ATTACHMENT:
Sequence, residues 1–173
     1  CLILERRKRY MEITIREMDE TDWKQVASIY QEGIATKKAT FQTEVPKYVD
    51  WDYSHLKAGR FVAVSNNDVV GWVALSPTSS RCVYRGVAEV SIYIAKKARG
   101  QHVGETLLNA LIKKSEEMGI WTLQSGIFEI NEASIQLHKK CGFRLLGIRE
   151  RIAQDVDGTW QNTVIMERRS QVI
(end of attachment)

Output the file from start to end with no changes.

Sequence, residues 1–173
     1  CLILERRKRY MEITIREMDE TDWKQVASIY QEGIATKKAT FQTEVPKYVD
    51  WDYSHLKAGR FVAVSNNDVV GWVALSPTSS RCVYRGVAEV SIYIAKKARG
   101  QHVGETLLNA LIKKSEEMGI WTLQSGIFEI NEASIQLHKK CGFRLLGIRE
   151  RIAQDVDGTW QNTVIMERRS QVI